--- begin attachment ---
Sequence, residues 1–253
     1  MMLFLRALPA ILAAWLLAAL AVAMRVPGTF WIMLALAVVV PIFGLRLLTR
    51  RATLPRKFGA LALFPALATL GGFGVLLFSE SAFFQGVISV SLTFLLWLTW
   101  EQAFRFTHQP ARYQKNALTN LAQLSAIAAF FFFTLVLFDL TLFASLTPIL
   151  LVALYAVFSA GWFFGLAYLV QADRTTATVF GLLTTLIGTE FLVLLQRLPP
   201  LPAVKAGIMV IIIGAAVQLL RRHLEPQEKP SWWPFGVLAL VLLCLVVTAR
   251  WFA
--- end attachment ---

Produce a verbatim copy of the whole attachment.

Sequence, residues 1–253
     1  MMLFLRALPA ILAAWLLAAL AVAMRVPGTF WIMLALAVVV PIFGLRLLTR
    51  RATLPRKFGA LALFPALATL GGFGVLLFSE SAFFQGVISV SLTFLLWLTW
   101  EQAFRFTHQP ARYQKNALTN LAQLSAIAAF FFFTLVLFDL TLFASLTPIL
   151  LVALYAVFSA GWFFGLAYLV QADRTTATVF GLLTTLIGTE FLVLLQRLPP
   201  LPAVKAGIMV IIIGAAVQLL RRHLEPQEKP SWWPFGVLAL VLLCLVVTAR
   251  WFA